Analyzing Pop Songs: “Hands to Myself” by Selena Gomez


I held a grudge against Selena Gomez for a short period of time because in an interview someone asked her if she wanted to be President someday and she responded that she was “too emotional.” Selena. Please call me and I’ll tell you about something called the patriarchy. (I’ll also offer to be your P.R. coach and memoir ghostwriter.)

Eventually I forgave her for this when I watched her hit Disney show Wizards of Waverly Place. Who is this Alex Russo? She is not the innocent teen star who believes she is too mercurial to run the country. On this show, Selena plays a sarcastic and rebellious teen witch who, like most Disney stars, has a bit too much sexual chemistry with her brother. I spent quite a few after-bar nights stuffing my face with Cheetos while appreciating the acting of this actress named after the late Selena. Then she starred in Spring Breakers, which is a movie that I feel was “made specifically for me” and I felt confident admitting that when it comes to Selena G., my opinion had evolved to “I love her.”

Her music, however, has not been my favorite of her creative exploits. “Come & Get It,” a jangly sexual taunt, seemed like it had been written for Rihanna but rejected by her because it’s only “ok.” “Good for You” seemed like a general rip-off of the vocal stylings of Lana Del Rey. (This seems to happen on pop radio a lot, even though for some reason Lana Del Rey is not herself present there.)

But finally, I heard a Selena Gomez song that is at least as good as Wizards of Waverly Place: “Hands to Myself.” Breathy, up-beat and flirtatious, it feels original and not like it was shopped around for a variety of actresses who wish to become pop musicians. If anything, it sounds like it could be in a Gap commercial back when Gap was relevant, which I mean as a compliment. I could really see people in khakis dancing to this as lots of pastel colors flash behind them.

When you listen closely to this song, you notice a couple things. #1 I’m pretty sure a can of soda opens periodically throughout it. The idea of sampling this noise falls in line with how it generally seems like it was made for a nice commercial, and also feels breathy and fresh and a little thirsty, which is how Selena seems to feel here.

#2, I am pretty sure they start to sample “Where is My Mind” by the Pixies in the second verse. This feels unexpected but it actually makes sense once we realize this is a song about being addicted to something, namely, a person, but possibly also downers, uppers and gin.

Once we get to the bridge, the song starts to change dramatically in tone. Suddenly it is urgent and dramatic, and she sings, “All of the downs and the uppers/ Keep making love to each other.” Whoa. What an idea. Downers and uppers having sex. I think I get it, although it feels a little ham-fisted to me, like it was written by someone who studied youth and knows they like substances, but hasn’t done them personally.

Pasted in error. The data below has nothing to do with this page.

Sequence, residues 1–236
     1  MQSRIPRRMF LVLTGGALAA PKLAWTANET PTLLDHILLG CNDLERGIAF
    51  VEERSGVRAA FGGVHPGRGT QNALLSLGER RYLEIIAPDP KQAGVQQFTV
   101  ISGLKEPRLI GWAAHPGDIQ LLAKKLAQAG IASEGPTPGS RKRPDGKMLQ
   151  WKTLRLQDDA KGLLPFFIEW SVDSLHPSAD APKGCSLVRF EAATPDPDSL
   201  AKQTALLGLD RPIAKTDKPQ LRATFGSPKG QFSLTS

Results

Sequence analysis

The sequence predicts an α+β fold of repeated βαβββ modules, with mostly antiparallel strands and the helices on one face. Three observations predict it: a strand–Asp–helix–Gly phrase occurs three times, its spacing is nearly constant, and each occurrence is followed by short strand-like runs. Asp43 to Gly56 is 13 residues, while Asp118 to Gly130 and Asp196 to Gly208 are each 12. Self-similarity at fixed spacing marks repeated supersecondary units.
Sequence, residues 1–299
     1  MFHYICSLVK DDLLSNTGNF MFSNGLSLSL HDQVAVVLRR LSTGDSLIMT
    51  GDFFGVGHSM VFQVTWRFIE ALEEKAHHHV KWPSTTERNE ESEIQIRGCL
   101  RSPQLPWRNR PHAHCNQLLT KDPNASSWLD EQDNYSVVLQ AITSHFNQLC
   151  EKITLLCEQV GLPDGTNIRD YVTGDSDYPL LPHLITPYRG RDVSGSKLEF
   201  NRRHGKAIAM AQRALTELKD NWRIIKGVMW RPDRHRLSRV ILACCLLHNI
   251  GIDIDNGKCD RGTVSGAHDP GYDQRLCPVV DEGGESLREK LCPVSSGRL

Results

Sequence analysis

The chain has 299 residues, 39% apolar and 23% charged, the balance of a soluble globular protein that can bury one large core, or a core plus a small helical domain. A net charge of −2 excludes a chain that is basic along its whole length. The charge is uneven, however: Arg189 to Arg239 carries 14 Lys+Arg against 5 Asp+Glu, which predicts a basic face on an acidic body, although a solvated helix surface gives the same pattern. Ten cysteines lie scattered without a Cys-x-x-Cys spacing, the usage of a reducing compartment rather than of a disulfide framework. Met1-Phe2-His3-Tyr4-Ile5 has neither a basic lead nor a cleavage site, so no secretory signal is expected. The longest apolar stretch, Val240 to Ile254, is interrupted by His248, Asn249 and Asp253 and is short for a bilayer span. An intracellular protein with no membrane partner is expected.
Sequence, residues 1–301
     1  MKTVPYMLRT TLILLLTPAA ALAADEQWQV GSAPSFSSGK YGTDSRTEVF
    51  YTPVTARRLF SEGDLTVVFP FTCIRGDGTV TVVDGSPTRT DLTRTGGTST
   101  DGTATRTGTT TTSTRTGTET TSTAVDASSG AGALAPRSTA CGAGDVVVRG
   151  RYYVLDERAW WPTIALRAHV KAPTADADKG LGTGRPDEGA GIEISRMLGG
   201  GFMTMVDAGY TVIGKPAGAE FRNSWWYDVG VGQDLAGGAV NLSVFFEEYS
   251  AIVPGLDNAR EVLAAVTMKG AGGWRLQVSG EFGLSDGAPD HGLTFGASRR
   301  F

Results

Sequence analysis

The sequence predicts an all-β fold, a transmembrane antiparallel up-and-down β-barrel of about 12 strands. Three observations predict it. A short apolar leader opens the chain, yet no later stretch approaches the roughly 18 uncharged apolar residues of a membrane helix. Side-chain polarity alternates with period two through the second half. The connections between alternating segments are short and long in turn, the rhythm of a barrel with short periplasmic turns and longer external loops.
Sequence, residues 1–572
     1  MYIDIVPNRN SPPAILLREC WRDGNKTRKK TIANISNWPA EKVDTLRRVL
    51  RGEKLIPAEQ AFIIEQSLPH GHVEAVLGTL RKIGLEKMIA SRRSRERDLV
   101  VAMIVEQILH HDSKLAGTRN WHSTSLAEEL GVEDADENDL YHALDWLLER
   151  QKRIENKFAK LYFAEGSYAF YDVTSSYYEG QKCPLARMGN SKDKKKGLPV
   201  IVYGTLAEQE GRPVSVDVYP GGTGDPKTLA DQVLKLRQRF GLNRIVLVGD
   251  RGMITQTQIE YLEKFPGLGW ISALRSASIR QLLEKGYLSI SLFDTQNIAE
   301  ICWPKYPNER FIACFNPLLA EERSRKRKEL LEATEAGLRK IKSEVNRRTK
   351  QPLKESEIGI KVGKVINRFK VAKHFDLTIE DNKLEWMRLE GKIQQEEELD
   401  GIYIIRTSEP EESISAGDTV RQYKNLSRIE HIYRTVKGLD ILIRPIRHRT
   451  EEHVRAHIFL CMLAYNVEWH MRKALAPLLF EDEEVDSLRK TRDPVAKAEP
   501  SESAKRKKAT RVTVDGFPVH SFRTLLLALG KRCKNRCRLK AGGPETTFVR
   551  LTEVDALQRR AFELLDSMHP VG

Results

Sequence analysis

Then the song switches back to flirty and dance-y again, and we’re not to worry too much about drug use. It’s just sexy here, not like a *problem*. The motif continues throughout the song as she tells this guy (let’s presume it’s a guy, via what we know about Selena, which is that she’s Justin Bieber’s ex) that she won’t let one drop of him go to waste. She wants his “metaphorical gin and juice.” This metaphor (which is pointed out as being such, so that we won’t mistake it as literal), is refreshing in keeping with the breathiness and soda-opening of this song, but also a little bit gross. (She doesn’t want to waste one drop of his juice … )

What are we to learn about Selena Gomez from this song? A) She’s edgy now. She knows about not just downers, but uppers too, and they may very likely be a part of her sex life. This leads us to B) She openly enjoys sex, although at one point she admits that she actually can keep her hands to herself, but why would she want to? This “coming out” as a sexual person who probably likes drugs is an important ritual for all former Disney or Nick teens, and Selena is definitely doing so between this and “Good for You.” This is important because she had not fully done this through Spring Breakers. In that movie, she play the religious one in her group of friends who (SPOILER ALERT), goes home because she doesn’t like what they’re doing.

According to Wikipedia, this song has already been in a commercial for Beats headphones. I could also see it being in a commercial for Sprite, Cover Girl or possibly a fun car. Selena herself is in lots of commercials for Pantene (she has great hair), so maybe it will come into play there too. (Also, I cannot help but lol at this line from the Wikipedia about this song: “Critics commended the video’s cinematography and Gomez’s appearance, hailing it as her sexiest and most revealing visual yet.”)

Do I agree with the critics? I do think this is her best song to date. I am starting to hear a sound on her new album that feels more “Selena Gomez” vs. “general pop song.” That is important to me if I am to continue to love her beyond just her on her performance on Wizards of Waverly Place. I give this song eight gin and tonics out of 10.